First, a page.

For the past two weeks, the story of the poisoning of retired Russian double agent, Sergei Skripal and his daughter in the UK, has led news bulletins in Britain and around the world. Much of the coverage of this story has been low on facts, high on conjecture and speculation.

British headline writers have had a field day. Moscow, meanwhile, has denied any involvement and has accused the British press of churning out what they call "hysterical propaganda" to whip up anti-Russian sentiment.

"The rush to judgement on the part of the UK establishment press has been overwhelming. And this has obviously had the effect of making it impossible for the investigation to proceed in a way that meets all the standards of that you would require in an investigation of this magnitude," explains John Wight of Sputnik International.

"At this time of speaking, there is still no concrete evidence that Russia was responsible for this. It may well have been responsible, I don't say they were not responsible, but we need evidence because it's such a serious issue."

British media have both an old script and a new geopolitical climate in which to report this story. In 2006, a Russian spy, Alexander Litvinenko, was poisoned in London with a dose of radioactive polonium. He died, and Russia-UK relations took a hit.

Twelve years on, Russia has become the designated suspect when it comes to political interference and media meddling - with allegations against them in the United States through to Germany and Italy. Tensions are high, and for tabloids in Britain, the go-to Cold War narrative has been hard to resist. Reporting may be more restrained in the broadsheets and broadcasters, but the tone of that coverage has an air of establishment groupthink.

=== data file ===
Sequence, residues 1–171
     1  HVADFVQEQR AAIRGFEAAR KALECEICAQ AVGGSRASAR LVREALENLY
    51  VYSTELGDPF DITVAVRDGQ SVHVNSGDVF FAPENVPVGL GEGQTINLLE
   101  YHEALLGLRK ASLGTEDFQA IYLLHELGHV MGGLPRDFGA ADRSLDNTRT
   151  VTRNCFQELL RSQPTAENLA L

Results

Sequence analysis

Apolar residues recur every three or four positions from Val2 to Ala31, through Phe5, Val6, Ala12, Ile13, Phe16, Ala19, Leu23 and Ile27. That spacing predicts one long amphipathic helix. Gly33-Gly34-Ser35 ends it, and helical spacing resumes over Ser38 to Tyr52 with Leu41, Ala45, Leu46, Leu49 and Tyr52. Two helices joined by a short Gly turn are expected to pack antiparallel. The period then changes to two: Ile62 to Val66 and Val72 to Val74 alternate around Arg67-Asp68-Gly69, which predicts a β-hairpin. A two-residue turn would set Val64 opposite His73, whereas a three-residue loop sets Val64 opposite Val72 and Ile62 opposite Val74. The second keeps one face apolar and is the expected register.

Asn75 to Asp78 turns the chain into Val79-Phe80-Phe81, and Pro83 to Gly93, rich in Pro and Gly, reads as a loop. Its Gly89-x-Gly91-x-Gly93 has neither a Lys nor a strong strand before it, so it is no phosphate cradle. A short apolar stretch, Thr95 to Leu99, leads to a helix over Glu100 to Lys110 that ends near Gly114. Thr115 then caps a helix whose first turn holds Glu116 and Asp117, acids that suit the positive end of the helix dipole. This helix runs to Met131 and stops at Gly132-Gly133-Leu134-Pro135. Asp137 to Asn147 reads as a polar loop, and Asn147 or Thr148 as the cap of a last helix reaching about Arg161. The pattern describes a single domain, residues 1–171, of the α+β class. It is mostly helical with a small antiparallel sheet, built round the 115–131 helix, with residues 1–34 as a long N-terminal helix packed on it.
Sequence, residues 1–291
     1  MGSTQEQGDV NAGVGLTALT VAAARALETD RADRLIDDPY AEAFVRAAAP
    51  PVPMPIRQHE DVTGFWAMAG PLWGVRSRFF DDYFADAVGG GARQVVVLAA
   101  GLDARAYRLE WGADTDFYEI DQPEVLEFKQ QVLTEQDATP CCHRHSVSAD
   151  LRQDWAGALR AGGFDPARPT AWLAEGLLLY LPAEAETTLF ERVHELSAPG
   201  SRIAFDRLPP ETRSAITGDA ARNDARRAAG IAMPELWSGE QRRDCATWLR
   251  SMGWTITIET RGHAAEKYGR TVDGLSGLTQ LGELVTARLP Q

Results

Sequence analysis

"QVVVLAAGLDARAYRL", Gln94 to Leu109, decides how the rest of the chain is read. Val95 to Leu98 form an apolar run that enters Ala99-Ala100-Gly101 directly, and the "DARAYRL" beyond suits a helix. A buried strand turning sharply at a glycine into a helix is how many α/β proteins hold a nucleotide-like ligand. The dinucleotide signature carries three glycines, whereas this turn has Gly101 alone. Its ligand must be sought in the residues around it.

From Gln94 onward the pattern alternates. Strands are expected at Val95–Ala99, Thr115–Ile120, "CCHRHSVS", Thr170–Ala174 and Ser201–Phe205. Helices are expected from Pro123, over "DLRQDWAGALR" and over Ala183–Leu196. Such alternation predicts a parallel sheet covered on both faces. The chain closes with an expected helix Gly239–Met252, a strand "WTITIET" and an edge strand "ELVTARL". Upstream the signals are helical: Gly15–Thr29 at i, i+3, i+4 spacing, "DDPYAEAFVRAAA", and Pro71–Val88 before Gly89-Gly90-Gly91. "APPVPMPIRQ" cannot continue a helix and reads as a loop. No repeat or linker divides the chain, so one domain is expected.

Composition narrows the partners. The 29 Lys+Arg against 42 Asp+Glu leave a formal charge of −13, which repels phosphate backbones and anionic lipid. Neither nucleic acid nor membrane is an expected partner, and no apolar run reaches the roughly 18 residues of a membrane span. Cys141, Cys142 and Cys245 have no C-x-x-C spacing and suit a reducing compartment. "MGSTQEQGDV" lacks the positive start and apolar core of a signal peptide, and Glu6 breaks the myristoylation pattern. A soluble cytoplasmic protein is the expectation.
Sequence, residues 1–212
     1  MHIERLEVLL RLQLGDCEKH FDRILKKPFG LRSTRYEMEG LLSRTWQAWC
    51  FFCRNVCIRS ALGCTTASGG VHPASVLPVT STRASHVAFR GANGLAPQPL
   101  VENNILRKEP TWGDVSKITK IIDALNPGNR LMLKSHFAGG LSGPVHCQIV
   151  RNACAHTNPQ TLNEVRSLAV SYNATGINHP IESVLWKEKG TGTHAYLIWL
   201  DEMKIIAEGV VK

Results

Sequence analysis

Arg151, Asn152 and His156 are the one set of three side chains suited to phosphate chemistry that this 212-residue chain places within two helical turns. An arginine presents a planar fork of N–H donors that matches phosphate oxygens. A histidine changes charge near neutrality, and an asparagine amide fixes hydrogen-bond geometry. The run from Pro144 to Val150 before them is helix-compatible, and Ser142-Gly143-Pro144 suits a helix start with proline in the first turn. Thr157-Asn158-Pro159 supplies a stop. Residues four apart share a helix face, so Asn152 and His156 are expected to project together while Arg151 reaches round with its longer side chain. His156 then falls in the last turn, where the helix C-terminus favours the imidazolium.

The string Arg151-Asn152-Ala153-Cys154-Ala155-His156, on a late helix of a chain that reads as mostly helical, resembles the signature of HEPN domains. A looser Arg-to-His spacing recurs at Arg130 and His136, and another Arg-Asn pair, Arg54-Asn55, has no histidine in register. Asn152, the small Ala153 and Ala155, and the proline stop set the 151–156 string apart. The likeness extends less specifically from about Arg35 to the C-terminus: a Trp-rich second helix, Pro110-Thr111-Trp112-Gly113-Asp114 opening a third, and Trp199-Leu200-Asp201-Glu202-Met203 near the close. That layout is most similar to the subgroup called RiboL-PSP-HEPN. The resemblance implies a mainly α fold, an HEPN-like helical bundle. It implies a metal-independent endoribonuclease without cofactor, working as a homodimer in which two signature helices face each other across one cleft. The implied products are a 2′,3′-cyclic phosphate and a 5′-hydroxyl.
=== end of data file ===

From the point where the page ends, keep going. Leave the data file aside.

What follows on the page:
"The British media, for the most part, does buy into this of its own volition, and I think it, it is suspicious of some of the motives of Russia - internationally and indeed domestically. So I don't think there is a sense among most media commentators that they are failing sufficiently to examine what they're being told by law enforcement agencies and so on," says Will Gore, deputy managing editor of The Independent.

Tune in to Russian media and the same thing could be said for their coverage. From the outset, the Kremlin has issued unequivocal denials of its involvement. On the Russian airwaves, those denials have provided a segue into stories hinting at all sorts of theories - including that the British intelligence was behind the attack.

"This is exactly what they do every time Russia is under scrutiny. It's this kind of mockery and scepticism. Mockery of the West and of the way that the West is dealing with the problem, and scepticism about the West," says Natalia Antelava, editor-in-chief of Coda Story.

"I think the Russian media is poisoning the debate by devaluing the truth, by making facts questionable, and by saying that everything can be questioned," she adds.

Speculation, spin and increasing suspicion on both sides: that's the climate in which this diplomatic standoff is being reported. And as the consensus solidifies, the space, the time for questions and alternative perspectives, get pushed to the margins.


Natalia Antelava, editor-in-chief, Coda Story
John Wight, contributor, Sputnik International
Will Gore, deputy managing editor, The Independent
Polly Boiko, reporter, RT

Source: Al Jazeera